January 29, 2007 — BBC Panorama broadcast " Secrets of the Drug Trials " . In the last of the 4 episodes on paroxetine (Seroxat), Shelley Jofre tells the story of how the facts about this drug were suppressed, even though they had been known to GSK and its predecessor companies from the outset. The episode shows how company officials cynically promoted the drug for young people, knowing that it was neither effective nor safe.

In this episode:

Jofre asks JAACAP Editor Mina Dulcan a question:

"JOFRE: Do you have any regrets about publishing this study?

DULCAN: Oh, I don't have any regrets about publishing at all. It generated all sorts of useful discussion which is the purpose of a scholarly journal."

Dr Healy is quoted as follows:

"We 're in a situation now where people who are ill generally have been deeply betrayed by the whole process, deeply betrayed by the pharmaceutical companies and by all the experts that have been willing to actually lend their names to the process…""If you'd heard the experts talk, they all say the drug was extremely safe and very effective. We were all hoodwinked, misled, duped. They produce these clinical trials which appear to be evidence and they aren't, they're adverts."

May 2, 2007 — The FDA proposes that makers of all antidepressant medications update the existing black box warning on their products ' labeling to include warnings about increased risks of suicidal thinking and behavior (suicidality), in young adults ages 18 to 24 during initial treatment (generally the first one to two months).

June 12, 2007 — FDA Hearing on "Use Of Medication Guides To Distribute Risk Information To Patients" hears that despite the FDA requirement, introduced as part of the required warnings on SSRIs (finalized Feb 3, 2005), medication guides are not being distributed when antidepressant medications are dispensed.

Aug 10, 2007 — Report: In January, a federal judge dismisses the lawsuit O'Neal v SmithKline Beecham, re: the Paxil suicide of 13-yr-old Benjamin Bratt, on the basis of the Bush Administration's new pre-emption policy. The firm of Baum, Hedlund, Aristei & Goldman had been retained as counsel for this suit.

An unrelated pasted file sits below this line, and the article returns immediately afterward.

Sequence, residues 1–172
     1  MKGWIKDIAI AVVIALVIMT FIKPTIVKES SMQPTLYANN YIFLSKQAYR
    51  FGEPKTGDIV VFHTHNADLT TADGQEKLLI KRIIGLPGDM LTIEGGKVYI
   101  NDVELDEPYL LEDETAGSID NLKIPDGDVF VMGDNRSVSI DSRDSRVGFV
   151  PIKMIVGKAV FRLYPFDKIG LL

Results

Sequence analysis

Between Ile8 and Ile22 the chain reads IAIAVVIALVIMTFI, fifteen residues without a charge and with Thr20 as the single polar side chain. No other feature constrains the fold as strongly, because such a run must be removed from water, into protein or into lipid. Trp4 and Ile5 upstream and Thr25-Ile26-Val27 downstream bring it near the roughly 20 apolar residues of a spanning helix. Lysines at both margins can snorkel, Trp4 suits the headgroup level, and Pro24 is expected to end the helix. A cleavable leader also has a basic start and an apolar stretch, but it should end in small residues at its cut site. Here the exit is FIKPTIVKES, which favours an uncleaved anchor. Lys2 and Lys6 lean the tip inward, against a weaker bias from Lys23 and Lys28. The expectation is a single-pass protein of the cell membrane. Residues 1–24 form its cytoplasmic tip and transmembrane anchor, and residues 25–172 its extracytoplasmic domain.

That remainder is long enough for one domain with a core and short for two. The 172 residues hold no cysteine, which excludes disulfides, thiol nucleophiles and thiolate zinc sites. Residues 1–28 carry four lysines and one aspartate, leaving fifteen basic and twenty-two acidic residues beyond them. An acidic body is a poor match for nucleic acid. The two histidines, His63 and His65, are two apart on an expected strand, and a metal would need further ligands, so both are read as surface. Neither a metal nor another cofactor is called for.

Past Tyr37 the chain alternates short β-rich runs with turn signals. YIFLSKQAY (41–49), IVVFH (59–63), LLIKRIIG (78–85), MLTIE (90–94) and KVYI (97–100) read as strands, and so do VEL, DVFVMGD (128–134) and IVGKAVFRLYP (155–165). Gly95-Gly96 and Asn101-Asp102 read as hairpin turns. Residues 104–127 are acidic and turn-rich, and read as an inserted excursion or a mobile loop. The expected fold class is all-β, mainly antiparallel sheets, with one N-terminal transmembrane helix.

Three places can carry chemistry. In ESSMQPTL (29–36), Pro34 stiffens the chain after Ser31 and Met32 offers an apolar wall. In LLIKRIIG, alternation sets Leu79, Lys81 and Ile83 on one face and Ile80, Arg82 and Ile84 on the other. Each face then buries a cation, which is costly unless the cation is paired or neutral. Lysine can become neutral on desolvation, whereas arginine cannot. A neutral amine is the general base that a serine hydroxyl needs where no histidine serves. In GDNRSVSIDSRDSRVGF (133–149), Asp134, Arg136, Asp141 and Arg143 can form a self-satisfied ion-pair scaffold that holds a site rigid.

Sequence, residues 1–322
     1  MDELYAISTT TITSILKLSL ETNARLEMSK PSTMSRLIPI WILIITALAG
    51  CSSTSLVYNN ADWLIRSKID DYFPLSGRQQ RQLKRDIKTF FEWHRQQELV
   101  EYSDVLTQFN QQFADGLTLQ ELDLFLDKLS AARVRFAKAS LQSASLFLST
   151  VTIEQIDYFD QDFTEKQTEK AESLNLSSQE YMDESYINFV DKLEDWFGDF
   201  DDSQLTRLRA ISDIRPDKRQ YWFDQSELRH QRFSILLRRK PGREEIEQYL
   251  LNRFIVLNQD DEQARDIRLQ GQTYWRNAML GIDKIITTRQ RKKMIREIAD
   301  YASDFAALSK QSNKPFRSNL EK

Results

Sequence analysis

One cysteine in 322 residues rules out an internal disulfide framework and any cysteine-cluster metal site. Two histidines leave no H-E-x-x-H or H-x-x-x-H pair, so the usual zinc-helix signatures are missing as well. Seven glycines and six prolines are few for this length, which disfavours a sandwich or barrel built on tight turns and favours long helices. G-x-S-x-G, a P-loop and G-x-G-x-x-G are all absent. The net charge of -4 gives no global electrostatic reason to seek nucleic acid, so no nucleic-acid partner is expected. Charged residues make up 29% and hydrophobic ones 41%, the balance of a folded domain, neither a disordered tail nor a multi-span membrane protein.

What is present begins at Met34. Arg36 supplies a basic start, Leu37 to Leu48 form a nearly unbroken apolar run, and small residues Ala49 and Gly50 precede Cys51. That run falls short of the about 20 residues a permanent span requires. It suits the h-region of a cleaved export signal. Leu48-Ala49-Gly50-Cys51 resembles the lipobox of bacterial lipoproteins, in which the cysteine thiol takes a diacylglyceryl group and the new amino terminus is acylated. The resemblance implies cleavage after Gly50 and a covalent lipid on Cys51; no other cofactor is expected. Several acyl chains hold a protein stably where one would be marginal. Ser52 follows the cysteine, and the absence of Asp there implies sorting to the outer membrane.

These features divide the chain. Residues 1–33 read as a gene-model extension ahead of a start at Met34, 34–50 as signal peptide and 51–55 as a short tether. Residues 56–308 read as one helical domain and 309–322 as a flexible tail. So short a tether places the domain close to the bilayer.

By this time Baum Hedlund is one of the leading law firms dealing with SSRI damage claims. This is because of their groundbreaking role in the early cases of Fentress vs Eli Lilly, Forsyth vs Eli Lilly, Tucker vs GSK, etc. Their primary pharmacology expert in these cases is Dr David Healy. By the mid-2000's, the firm is writing articles on this kind of case, (e.g. the Cure Worse than the Disease). Cindy Hall, at that time a Senior Paralegal at the firm, prepares a comprehensive report for the O'Neal case based on Dr Healy's work. Presumably to have an American expert associated with the report, Baum Hedlund engages Dr Joseph Glenmullen of Harvard to prepare the final draft and put his name on the report. This report is unsealed on January 18, 2008.

In this report, the early evidence on adult safety of Paroxetine is reviewed, including the 1989 data that Dr Brecher reviewed in 1991. The report concludes that most of the suicides that SKB/GSK does not attribute to Paxil, and which are thus omitted from the data, are clearly caused by Paxil. After the data are reclassified and re-analyzed, the conclusion in the report is: "It is my opinion…that Paxil increases the risk of suicidality in adults. In addition, GlaxoSmithKline was aware of this risk, but hid it."

Senator Grassley obtains a copy of this report and writes to GSK asking how it is that GSK knew of the dangers of paroxetine in 1989, but the first the public heard of it was the May, 2006 "Dear Health Professional" letter.

Sept 6, 2007 —Senators Charles Grassley (R-IA), the ranking member of the Committee on Finance, and Herb Kohl (D-WI), chairman of the Special Committee on Aging, introduce the Physician Payments Sunshine Act - so named because it aims to " shine a much needed ray of sunlight on a situation that contributes to the exorbitant cost of health care, " according to cosponsor Senator Charles Schumer (D-NY). The bill would require manufacturers of pharmaceuticals and medical devices with annual revenues of more than $100 million to disclose gifts or payments to physicians in any form, whether cash, trips, etc.